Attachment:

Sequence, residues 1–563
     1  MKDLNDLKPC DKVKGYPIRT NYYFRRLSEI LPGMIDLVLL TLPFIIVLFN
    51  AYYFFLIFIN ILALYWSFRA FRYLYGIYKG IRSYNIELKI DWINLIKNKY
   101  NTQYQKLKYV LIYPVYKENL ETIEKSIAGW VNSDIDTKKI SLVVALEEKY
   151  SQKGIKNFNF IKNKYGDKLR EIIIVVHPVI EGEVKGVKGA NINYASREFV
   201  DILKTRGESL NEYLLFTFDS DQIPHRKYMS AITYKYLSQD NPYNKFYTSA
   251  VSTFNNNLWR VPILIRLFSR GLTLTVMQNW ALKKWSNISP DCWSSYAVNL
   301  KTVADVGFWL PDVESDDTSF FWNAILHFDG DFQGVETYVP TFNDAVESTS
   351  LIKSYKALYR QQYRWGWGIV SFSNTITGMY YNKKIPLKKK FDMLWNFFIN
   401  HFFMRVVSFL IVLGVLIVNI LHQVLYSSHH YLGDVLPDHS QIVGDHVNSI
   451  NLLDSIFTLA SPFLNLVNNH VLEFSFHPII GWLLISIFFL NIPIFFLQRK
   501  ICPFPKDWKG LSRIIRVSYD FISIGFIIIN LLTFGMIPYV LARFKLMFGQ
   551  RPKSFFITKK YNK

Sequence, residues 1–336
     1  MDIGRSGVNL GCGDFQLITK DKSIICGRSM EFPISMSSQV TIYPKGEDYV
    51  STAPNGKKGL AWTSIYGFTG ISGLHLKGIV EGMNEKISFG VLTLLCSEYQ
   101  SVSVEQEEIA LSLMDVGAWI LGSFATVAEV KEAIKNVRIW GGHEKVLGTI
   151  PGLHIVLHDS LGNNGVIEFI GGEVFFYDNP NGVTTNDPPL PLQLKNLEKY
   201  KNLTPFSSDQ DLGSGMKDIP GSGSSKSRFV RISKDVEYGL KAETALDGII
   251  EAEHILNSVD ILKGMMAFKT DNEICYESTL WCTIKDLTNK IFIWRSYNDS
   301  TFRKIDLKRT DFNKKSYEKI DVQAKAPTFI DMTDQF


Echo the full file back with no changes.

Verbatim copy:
Sequence, residues 1–563
     1  MKDLNDLKPC DKVKGYPIRT NYYFRRLSEI LPGMIDLVLL TLPFIIVLFN
    51  AYYFFLIFIN ILALYWSFRA FRYLYGIYKG IRSYNIELKI DWINLIKNKY
   101  NTQYQKLKYV LIYPVYKENL ETIEKSIAGW VNSDIDTKKI SLVVALEEKY
   151  SQKGIKNFNF IKNKYGDKLR EIIIVVHPVI EGEVKGVKGA NINYASREFV
   201  DILKTRGESL NEYLLFTFDS DQIPHRKYMS AITYKYLSQD NPYNKFYTSA
   251  VSTFNNNLWR VPILIRLFSR GLTLTVMQNW ALKKWSNISP DCWSSYAVNL
   301  KTVADVGFWL PDVESDDTSF FWNAILHFDG DFQGVETYVP TFNDAVESTS
   351  LIKSYKALYR QQYRWGWGIV SFSNTITGMY YNKKIPLKKK FDMLWNFFIN
   401  HFFMRVVSFL IVLGVLIVNI LHQVLYSSHH YLGDVLPDHS QIVGDHVNSI
   451  NLLDSIFTLA SPFLNLVNNH VLEFSFHPII GWLLISIFFL NIPIFFLQRK
   501  ICPFPKDWKG LSRIIRVSYD FISIGFIIIN LLTFGMIPYV LARFKLMFGQ
   551  RPKSFFITKK YNK

Sequence, residues 1–336
     1  MDIGRSGVNL GCGDFQLITK DKSIICGRSM EFPISMSSQV TIYPKGEDYV
    51  STAPNGKKGL AWTSIYGFTG ISGLHLKGIV EGMNEKISFG VLTLLCSEYQ
   101  SVSVEQEEIA LSLMDVGAWI LGSFATVAEV KEAIKNVRIW GGHEKVLGTI
   151  PGLHIVLHDS LGNNGVIEFI GGEVFFYDNP NGVTTNDPPL PLQLKNLEKY
   201  KNLTPFSSDQ DLGSGMKDIP GSGSSKSRFV RISKDVEYGL KAETALDGII
   251  EAEHILNSVD ILKGMMAFKT DNEICYESTL WCTIKDLTNK IFIWRSYNDS
   301  TFRKIDLKRT DFNKKSYEKI DVQAKAPTFI DMTDQF